For people with a brain arteriovenous malformation, a congenital vascular system defect, fate has a name: stroke. To avoid this risk, patients sometimes undergo interventions to remove the malformation. But is this very beneficial?
Not necessarily. According to an international clinical trial co-directed by researchers at the University of Montreal Hospital Research Centre (CRCHUM), interventional treatment – by neurosurgery, neuroradiology or radiation therapy – could be more dangerous than the disease itself.
In a study published in The Lancet Neurology, Christian Stapf, a vascular neurologist at the CHUM and the co-author of the article, and his colleagues show that the risk of having a stroke or dying falls by 68 per cent when doctors let the malformation follow its natural course.
“In other words, the risk of patients having a stroke or dying is at least three times lower,” said Stapf, a researcher at the CRCHUM and professor at Université de Montréal.
“We wondered what was better for the patient: to remove the malformation to prevent a stroke or to live with the malformation for several years? The results of our study are clear: in the long term, standard medical care is more beneficial for the patient than any intervention. This certainly shakes up conventional thinking about how to prevent stroke in these patients.”
Before joining the neurovascular program at CHUM in 2015, Dr. Stapf worked at Lariboisière Hospital, in Paris, France. He was already the principal co-author of this study and in charge of the European component.
A second phase of the study sought to evaluate whether early surgical intervention might reduce the risk of neurological deficits. “After a five-year follow-up period, we showed that there were twice as many patients with a disabling deficit after the interventions than medical management alone,” said Stapf.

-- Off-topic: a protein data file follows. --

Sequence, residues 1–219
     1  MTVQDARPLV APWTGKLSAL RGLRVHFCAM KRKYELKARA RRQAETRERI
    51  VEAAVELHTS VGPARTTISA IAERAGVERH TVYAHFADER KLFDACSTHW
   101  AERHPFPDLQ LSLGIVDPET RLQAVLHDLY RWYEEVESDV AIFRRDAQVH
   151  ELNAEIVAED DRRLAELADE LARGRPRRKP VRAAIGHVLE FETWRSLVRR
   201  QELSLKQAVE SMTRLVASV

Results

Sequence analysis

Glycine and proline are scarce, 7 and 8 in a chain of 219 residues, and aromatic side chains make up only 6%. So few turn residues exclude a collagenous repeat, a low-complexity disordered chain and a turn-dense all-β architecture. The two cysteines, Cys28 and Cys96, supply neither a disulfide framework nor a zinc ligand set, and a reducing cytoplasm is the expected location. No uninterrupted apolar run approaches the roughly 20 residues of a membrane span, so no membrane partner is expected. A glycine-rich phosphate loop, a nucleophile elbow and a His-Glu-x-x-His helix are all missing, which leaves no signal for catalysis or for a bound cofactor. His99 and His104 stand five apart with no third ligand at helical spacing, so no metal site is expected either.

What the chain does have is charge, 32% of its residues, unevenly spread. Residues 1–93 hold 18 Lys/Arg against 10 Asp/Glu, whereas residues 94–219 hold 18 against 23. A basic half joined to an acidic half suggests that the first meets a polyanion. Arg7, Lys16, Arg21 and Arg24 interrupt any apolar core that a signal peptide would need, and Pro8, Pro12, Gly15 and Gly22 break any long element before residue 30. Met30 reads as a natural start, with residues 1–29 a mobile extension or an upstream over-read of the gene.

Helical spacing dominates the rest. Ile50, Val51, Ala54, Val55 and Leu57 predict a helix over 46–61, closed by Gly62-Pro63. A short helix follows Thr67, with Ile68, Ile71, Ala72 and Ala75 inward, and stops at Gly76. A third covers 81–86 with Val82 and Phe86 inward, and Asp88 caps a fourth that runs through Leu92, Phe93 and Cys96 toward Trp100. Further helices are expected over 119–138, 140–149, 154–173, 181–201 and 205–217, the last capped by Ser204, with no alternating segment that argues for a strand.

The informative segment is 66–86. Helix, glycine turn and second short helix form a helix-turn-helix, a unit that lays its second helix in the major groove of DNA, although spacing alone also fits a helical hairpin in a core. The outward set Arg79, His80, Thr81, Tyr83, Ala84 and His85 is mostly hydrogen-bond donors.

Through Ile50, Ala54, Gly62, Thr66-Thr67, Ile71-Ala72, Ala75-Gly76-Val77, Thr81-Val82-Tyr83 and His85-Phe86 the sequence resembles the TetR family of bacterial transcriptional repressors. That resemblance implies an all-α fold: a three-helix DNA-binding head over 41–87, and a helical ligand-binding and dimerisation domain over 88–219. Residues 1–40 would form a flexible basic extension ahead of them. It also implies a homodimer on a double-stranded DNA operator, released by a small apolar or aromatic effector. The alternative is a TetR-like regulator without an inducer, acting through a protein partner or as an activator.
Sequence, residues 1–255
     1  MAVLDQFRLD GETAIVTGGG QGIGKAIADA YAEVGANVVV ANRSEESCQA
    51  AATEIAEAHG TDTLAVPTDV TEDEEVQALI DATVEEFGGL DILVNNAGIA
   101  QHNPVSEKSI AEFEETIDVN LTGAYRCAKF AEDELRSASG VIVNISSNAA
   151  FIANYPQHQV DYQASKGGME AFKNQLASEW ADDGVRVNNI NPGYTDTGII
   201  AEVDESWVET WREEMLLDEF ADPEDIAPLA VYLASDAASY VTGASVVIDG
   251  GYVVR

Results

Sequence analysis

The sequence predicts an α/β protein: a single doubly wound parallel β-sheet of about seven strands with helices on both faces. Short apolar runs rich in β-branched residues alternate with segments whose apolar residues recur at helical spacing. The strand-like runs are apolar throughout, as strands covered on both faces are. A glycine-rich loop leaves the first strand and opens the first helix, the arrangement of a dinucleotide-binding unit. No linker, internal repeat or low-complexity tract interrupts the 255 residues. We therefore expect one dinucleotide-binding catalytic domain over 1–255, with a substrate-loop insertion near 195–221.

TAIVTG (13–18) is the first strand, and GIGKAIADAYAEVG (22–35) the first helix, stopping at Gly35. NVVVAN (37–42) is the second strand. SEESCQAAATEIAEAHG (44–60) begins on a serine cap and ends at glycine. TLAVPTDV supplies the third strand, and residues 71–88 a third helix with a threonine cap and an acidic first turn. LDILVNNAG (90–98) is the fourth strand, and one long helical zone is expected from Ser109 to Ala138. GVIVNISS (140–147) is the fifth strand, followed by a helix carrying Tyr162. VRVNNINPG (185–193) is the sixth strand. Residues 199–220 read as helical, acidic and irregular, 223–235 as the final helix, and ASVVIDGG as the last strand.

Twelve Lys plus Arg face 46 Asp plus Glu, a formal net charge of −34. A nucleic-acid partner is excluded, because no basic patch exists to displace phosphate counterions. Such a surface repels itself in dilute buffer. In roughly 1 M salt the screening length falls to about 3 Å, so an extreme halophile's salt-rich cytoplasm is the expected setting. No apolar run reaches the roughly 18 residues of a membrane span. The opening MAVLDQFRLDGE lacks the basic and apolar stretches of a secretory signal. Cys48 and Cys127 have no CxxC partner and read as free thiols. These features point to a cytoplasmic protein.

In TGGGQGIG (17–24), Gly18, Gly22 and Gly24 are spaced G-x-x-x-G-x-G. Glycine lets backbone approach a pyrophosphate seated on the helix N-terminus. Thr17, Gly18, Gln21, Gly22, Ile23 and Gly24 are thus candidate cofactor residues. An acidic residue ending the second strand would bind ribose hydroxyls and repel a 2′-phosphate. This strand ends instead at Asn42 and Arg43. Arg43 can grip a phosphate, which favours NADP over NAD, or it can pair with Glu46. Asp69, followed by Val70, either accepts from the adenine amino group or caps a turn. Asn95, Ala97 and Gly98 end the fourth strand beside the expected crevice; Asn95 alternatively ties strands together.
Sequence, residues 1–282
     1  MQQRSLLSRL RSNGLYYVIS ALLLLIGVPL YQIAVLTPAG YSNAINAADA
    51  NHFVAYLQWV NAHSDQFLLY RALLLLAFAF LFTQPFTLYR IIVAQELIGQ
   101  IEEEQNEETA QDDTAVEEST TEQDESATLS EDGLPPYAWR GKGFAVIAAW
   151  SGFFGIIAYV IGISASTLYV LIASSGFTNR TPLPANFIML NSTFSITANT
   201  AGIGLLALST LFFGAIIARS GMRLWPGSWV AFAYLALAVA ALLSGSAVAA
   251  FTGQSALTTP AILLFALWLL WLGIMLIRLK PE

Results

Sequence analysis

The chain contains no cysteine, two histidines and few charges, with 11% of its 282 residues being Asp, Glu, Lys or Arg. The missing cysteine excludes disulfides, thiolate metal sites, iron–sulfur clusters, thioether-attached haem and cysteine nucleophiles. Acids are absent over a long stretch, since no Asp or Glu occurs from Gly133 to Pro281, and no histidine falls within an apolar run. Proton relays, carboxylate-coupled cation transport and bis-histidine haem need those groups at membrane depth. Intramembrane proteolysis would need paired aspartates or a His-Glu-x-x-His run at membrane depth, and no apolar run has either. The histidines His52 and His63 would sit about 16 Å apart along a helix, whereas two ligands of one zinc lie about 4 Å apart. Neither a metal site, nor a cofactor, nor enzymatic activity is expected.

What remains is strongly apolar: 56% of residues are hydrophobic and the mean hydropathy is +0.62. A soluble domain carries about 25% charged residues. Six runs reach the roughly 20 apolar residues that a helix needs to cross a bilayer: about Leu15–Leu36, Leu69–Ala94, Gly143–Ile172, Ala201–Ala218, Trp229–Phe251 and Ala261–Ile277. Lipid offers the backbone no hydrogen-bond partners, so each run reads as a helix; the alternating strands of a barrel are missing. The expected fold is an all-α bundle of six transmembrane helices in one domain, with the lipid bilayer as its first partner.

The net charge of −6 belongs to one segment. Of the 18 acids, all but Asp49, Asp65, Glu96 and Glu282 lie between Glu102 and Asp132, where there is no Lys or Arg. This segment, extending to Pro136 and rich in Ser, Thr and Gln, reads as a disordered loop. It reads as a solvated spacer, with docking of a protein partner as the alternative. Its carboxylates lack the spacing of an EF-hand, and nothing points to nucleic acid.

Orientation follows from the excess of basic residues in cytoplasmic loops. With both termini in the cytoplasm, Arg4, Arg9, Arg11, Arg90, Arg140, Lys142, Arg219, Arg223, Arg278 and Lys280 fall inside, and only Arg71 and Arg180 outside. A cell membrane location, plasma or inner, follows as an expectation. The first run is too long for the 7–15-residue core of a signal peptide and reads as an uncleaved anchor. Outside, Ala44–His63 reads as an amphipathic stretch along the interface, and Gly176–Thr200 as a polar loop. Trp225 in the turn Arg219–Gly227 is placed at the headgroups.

226 participants in nine countries
For this international clinical trial named ARUBA (short for A Randomized trial of Unruptured Brain AVMs), 226 adult participants with an average age of 44 were recruited between 2007 and 2013 in 39 hospital centres located in nine countries. Among the members of this collaborative network, the CHUM was the most active Canadian centre in terms of recruitment. There were two other centres, in Ontario.
The volunteer patients, who had never had a stroke and whose malformation was sometimes discovered by chance, were divided into two groups: the first would get standard medical care, while the second would receive standard care combined with invasive therapies (by neurosurgery, interventional neuroradiology or radiation therapy). The patients were followed for average periods of between 33 and 50 months.
In 2014, under the supervision of interventional neuroradiologist Jean Raymond, the CHUM launched TOBAS, an international study whose aim was to see whether the conclusive findings of the clinical trial ARUBA might also be valid for all patients with a neurovascular malformation, including those who had had a stroke.
To date, the CHUM’s neurovascular health program is the largest in Quebec and among the biggest in Canada: more than 800 stroke patients are admitted to the program every year. With its Centre de Référence des Anomalies Neurovasculaires Rares, a referral centre for rare neurovascular abnormalities, the CHUM also offers a specialized multidisciplinary clinic dedicated to patients with several types of vascular malformations of the brain.
This research was supported by the National Institutes of Health/National Institute of Neurological Disorders and Stroke and the Vital Projects Fund.Back To Top
RT, Other Interventions for Brain Arteriovenous Malformation Could Be More Dangerous Than Stroke Itself. Appl Radiol.